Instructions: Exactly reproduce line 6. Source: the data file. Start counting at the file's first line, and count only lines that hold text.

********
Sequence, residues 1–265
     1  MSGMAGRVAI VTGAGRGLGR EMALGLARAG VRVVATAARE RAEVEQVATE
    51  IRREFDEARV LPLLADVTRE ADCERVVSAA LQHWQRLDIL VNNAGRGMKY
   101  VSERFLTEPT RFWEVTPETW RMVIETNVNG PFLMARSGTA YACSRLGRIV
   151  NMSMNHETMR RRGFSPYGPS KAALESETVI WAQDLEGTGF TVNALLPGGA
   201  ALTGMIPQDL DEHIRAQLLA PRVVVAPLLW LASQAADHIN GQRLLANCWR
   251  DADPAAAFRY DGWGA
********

   201  ALTGMIPQDL DEHIRAQLLA PRVVVAPLLW LASQAADHIN GQRLLANCWR